Auberge La Tradition provided lunch at the camp they have set up in a deserted Berber village which Hassan referred to as the original Merzouga. This was a fascinating place as the ruins of empty Berber houses are scattered around the camp which we were free to walk around. The buildings are made of dried mud and sticks which felt solid and had sculpted out windows and alcoves. There was still one nomad family living here, right out in the desert.
Lunch was salad, rice and bread with fruit for desert, simple but satisfying. We helped Hassan cut up the veg for the salad in the tiny kitchen hut whilst listening to Gnawa (traditional Moroccan music) on the radio.
This base camp was used by several other tour companies and we saw lots of other international tourists coming and going. At one point a large group of Russian travelers came in and told us about their epic 250km journey through the desert on foot!
After lunch we went out to the spot where the camels had been left to find that they were gone! At first we didn’t understand what was happening as most of the conversation was in French but it turned out they’d wandered off in to the desert and so we had to split up and track them down. Fortunately they seemed to like to travel in twos and we found one pair straight away, then after a few minutes one of the other tourists called out that he could see the others in the distance. Hassan didn’t seem fazed by any of this and told us it wasn’t the first time it had happened.
With the camels saddled up and following Hassan’s lead again we rode on to our camp for the night. After so many hours of nothing but sand we were startled when three small cats jumped out at us as we arrived. They horizontally clawed their way along the carpet clad Berber tents in a Spiderman-like fashion. Even though people generally don’t keep pets in Morocco lots of people take care of and feed leftovers to stray animals. We’ve been surprised to find that a lot of the homeless cats and dogs we’ve seen in Morocco are in better shape than those we saw across Spain and Portugal.
We made it to the camp just in time for sunset which Hassan told us to watch from the top of the big dune nearby while he made dinner, arming us with a snowboard to use on the way back down. At this point the French couple left on foot to go back to the guesthouse which was only a kilometer or so away, as they had a plane to catch the next morning.
We had dinner in one of the Berber tents, Hassan cooked us a delicious tagine with chicken and vegetables to be washed down with an endless supply of mint tea. He played us some drums and got out the shisha pipe for the full Berber experience!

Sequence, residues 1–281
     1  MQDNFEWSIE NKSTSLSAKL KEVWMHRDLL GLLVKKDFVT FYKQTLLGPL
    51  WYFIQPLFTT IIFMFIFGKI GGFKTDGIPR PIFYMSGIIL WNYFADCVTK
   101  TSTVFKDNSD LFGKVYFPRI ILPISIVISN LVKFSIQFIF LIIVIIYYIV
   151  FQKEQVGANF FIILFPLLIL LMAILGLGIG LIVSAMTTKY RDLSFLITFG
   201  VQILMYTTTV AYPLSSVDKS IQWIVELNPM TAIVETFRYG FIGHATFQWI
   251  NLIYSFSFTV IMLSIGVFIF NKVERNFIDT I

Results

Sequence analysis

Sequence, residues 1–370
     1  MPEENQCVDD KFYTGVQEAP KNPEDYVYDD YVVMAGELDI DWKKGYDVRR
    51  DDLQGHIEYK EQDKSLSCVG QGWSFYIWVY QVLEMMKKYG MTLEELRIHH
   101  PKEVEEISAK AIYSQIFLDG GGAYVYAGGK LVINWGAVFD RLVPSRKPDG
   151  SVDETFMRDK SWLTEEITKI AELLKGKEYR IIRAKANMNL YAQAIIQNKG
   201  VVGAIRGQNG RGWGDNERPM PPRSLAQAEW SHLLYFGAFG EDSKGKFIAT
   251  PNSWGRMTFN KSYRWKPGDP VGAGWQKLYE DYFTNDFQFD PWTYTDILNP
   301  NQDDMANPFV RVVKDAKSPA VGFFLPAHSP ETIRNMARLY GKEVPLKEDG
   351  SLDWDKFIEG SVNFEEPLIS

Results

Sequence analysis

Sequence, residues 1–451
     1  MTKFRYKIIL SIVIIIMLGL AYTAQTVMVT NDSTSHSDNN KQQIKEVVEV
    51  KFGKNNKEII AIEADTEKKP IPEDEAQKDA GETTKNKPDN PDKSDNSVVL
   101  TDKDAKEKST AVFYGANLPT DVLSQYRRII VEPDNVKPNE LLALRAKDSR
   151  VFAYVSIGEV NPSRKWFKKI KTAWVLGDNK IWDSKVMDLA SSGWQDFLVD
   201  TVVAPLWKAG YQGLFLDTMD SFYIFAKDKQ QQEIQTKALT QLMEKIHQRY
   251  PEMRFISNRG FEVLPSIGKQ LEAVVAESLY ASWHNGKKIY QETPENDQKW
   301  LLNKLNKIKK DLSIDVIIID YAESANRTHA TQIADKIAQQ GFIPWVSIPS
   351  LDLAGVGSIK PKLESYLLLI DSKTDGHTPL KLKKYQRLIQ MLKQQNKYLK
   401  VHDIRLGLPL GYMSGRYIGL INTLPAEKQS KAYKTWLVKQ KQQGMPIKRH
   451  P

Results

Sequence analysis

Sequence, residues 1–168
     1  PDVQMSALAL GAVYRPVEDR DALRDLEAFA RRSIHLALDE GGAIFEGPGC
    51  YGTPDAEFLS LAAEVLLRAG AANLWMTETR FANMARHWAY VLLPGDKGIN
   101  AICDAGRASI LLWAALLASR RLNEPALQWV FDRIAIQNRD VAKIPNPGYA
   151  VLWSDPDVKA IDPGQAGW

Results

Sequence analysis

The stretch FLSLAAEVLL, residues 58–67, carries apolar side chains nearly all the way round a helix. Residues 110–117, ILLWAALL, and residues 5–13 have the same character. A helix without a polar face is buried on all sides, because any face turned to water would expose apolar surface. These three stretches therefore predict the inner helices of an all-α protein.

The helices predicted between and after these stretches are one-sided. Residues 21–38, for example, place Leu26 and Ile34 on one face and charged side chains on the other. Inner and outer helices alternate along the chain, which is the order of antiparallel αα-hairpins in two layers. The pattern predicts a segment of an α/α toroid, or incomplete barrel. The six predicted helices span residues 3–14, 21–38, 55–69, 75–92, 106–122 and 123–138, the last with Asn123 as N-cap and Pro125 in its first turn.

We felt like he was taking us through the usual routine that they’d normally do with groups but as it was just the three of us it was a bit awkward so we asked if we could just go outside and watch the stars instead.
The sky was amazing, never before had we seen it so completely full and bursting with stars. We sat for hours watching the sky and spotting shooting stars until eventually Hassan fell asleep. We’d really wanted to sleep outside but when we asked Hassan earlier in the evening he warned us it would be too cold, also this isn’t normally what groups do as the company provides tents and beds for sleeping in the desert. We figured since Hassan had already gone to sleep it would be fine for us to do the same. We’d come prepared with sleeping bags and extra clothes so we settled in and bedded down on blankets in the sand.
Being out in the desert at night and settling down to go to sleep made us feel like we’d never really experienced silence before. We’ve camped out in a lot of quiet places but there’s always some kind of background noise; wildlife, falling branches, dogs barking in the distance, here there was really nothing which took a while to get used to.
Even though we were outside on the ground we slept beautifully and felt so relaxed drifting off while looking at the sky it was almost like being in a trance. We woke up just before the sun had started to rise, fewer stars were visible and a fine slither of crescent moon had come in to view.
We quickly got out from under our mountain of blankets and clambered up the dunes to get a good view. We sat and watched the sun rise feeling like we couldn’t have hoped for a better Moroccan experience than this.
Minutes later Hassan was up and the camels were ready to take us back to the campsite where a hot shower and hearty breakfast with coffee and yet more mint tea was waiting for us.